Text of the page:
Agents conducted court authorized law enforcement activity Wednesday morning at two locations, FBI officials confirmed to The Washington Post. One was the home of Brad Carver, a Georgia lawyer who allegedly signed a document claiming to be a Trump elector. The other was the Virginia home of Thomas Lane, who worked on the Trump campaign’s efforts in Arizona and New Mexico. The FBI officials did not identify the people associated with those addresses, but public records list each of the locations as the home addresses of the men.
Separately, at least some of the would-be Trump electors in Michigan also received subpoenas on Wednesday, according to a person who spoke on the condition of anonymity to discuss an ongoing investigation.
The precise nature of the information being sought by the Justice Department wasn’t immediately clear; however, Arizona and Georgia officials testified Tuesday to a House panel probing the Jan. 6 attacks about attempts by Trump and his inner circle of advisers to try to reverse Biden’s electoral college victories in those states.
Officials have previously said that the Justice Department and FBI were examining the issue of false electors, who Trump and others hoped might be approved by state legislators in a last-ditch bid to keep Trump in the White House. Until now, however, those investigative efforts seemed to primarily involve talking to people in Republican circles who knew of the scheme and objected; the subpoenas issued Wednesday suggest the Justice Department is now moving to question at least some of those who allegedly agreed to pursue the effort.
FBI agents delivered a subpoena to Lane Wednesday morning at his home in Virginia, according to the person who spoke on the condition of anonymity to discuss an ongoing investigation. After leaving the Trump campaign, Lane has worked for the Republican National Committee’s election efforts in Virginia, this person said. Public records list an address for Lane in south Arlington, and an FBI spokeswoman confirmed agents conducted “court-authorized law enforcement activity” at that address on Wednesday morning.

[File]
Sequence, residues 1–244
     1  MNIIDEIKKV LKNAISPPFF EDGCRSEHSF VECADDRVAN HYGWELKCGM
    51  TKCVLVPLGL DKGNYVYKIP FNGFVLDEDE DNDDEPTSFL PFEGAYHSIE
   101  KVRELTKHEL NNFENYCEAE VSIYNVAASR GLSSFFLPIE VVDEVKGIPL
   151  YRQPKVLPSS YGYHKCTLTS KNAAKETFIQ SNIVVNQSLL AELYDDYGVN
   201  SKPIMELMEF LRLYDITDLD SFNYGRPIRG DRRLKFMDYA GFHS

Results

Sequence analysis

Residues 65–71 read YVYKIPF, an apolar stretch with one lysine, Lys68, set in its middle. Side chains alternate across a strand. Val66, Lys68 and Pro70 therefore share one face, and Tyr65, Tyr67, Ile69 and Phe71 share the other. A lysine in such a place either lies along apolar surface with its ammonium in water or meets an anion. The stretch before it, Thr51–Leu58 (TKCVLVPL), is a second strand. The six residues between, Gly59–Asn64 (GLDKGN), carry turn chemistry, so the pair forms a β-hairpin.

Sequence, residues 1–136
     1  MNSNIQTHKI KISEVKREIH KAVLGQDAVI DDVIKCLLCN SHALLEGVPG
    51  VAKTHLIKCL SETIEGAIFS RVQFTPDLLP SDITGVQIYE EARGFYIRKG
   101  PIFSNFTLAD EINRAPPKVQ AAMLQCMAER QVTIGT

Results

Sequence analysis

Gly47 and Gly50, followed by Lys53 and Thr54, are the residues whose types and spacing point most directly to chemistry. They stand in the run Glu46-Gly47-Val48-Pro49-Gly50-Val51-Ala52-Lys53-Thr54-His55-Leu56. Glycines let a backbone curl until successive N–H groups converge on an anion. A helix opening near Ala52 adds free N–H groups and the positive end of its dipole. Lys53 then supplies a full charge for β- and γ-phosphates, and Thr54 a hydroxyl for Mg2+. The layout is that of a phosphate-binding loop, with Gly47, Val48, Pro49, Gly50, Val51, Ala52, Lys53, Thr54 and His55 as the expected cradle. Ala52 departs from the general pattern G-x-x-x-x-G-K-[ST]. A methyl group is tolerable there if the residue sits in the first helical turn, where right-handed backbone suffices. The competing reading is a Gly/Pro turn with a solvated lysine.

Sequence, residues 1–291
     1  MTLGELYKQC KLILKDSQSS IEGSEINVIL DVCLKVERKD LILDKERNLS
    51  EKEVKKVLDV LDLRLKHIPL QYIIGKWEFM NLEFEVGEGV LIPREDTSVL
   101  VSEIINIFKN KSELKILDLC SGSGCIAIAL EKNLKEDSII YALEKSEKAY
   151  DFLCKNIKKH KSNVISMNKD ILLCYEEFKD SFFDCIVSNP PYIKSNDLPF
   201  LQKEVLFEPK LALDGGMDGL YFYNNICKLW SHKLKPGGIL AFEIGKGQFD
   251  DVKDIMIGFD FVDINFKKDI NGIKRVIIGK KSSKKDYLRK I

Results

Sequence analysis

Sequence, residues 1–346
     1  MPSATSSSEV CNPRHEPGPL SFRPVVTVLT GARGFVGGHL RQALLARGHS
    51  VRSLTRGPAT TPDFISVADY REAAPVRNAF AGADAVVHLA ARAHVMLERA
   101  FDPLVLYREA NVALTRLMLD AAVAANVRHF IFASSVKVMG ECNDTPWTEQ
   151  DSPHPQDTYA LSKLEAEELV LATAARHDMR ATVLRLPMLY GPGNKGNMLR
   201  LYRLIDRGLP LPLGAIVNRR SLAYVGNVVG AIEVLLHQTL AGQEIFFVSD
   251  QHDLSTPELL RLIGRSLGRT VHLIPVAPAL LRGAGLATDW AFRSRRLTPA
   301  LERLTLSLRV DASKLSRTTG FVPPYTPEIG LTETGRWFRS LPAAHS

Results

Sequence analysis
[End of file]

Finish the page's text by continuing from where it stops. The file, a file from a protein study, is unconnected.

Phone messages left for Lane were not immediately returned. Carver, the Georgia lawyer, also did not immediately respond to messages seeking comment.
The new investigative moves by the Justice Department come amid a series of high-profile congressional hearings examining not just the riot at the Capitol, but also Trump’s efforts to undo Biden’s electoral victory through fake electors, lobbying the Justice Department and false claims of massive voter fraud.
Lawmakers on the House select committee will hold a hearing Thursday featuring testimony from former Justice Department officials. On Wednesday, The Post reported an uptick in the number of violent threats against lawmakers serving on that panel, with three people involved in the Jan. 6 legislative probe saying committee members are all likely to receive a security detail.